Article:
This memoir is of the schooldays of one of the most extraordinary minds Scotland has produced, Hugh Miller.
Miller rose, if not from absolute poverty, certainly from a modest background, to become both a specialist in the field of geology and a generalist in the wider literary world, covering, as writer and editor, subjects as diverse as poetry, folklore, science, education, religion, history and travel.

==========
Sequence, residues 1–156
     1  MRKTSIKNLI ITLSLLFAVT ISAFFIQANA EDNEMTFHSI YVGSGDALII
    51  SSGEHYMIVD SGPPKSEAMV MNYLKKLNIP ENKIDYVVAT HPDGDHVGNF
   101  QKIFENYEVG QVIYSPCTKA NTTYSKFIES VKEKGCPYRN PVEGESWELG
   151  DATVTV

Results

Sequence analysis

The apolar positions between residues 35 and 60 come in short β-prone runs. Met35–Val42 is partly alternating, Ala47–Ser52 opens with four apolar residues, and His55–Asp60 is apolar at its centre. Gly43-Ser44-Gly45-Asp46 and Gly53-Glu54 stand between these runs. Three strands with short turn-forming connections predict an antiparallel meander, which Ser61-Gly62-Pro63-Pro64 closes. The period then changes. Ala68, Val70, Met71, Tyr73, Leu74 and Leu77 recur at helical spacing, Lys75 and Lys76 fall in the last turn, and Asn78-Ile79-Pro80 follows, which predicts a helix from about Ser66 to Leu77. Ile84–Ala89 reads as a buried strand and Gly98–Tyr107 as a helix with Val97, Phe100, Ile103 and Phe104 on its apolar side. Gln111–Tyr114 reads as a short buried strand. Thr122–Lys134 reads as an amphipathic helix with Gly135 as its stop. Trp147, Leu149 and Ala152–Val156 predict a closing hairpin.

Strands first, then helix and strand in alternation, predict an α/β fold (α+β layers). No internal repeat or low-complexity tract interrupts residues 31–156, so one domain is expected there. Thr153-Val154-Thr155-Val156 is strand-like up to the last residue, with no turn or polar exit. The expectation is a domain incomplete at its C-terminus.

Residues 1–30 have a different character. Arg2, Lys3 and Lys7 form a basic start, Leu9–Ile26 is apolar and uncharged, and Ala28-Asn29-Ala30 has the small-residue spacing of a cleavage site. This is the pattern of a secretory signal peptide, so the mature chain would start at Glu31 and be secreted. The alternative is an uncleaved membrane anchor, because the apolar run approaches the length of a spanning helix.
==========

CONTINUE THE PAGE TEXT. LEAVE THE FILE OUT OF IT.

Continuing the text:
In his working life he was a stonemason, banking accountant, journalist, editor, lecturer and defender of Christianity against the evolutionists.
By the time of his tragic suicide in 1856, Miller's prodigious output had made him among the best known of Victorian literary figures, admired by Thomas Carlyle, Charles Dickens and John Ruskin.
By the latter part of the 19th century, his reputation extended across the world - his books were widely translated, and in America, according to the geologist Sir Archibald Geikie, "They were to be found in the remotest log huts of the far west." In 1879, the great environmentalist John Muir named one of the glaciers of Glacier Bay, Alaska, after the Cromarty stonemason.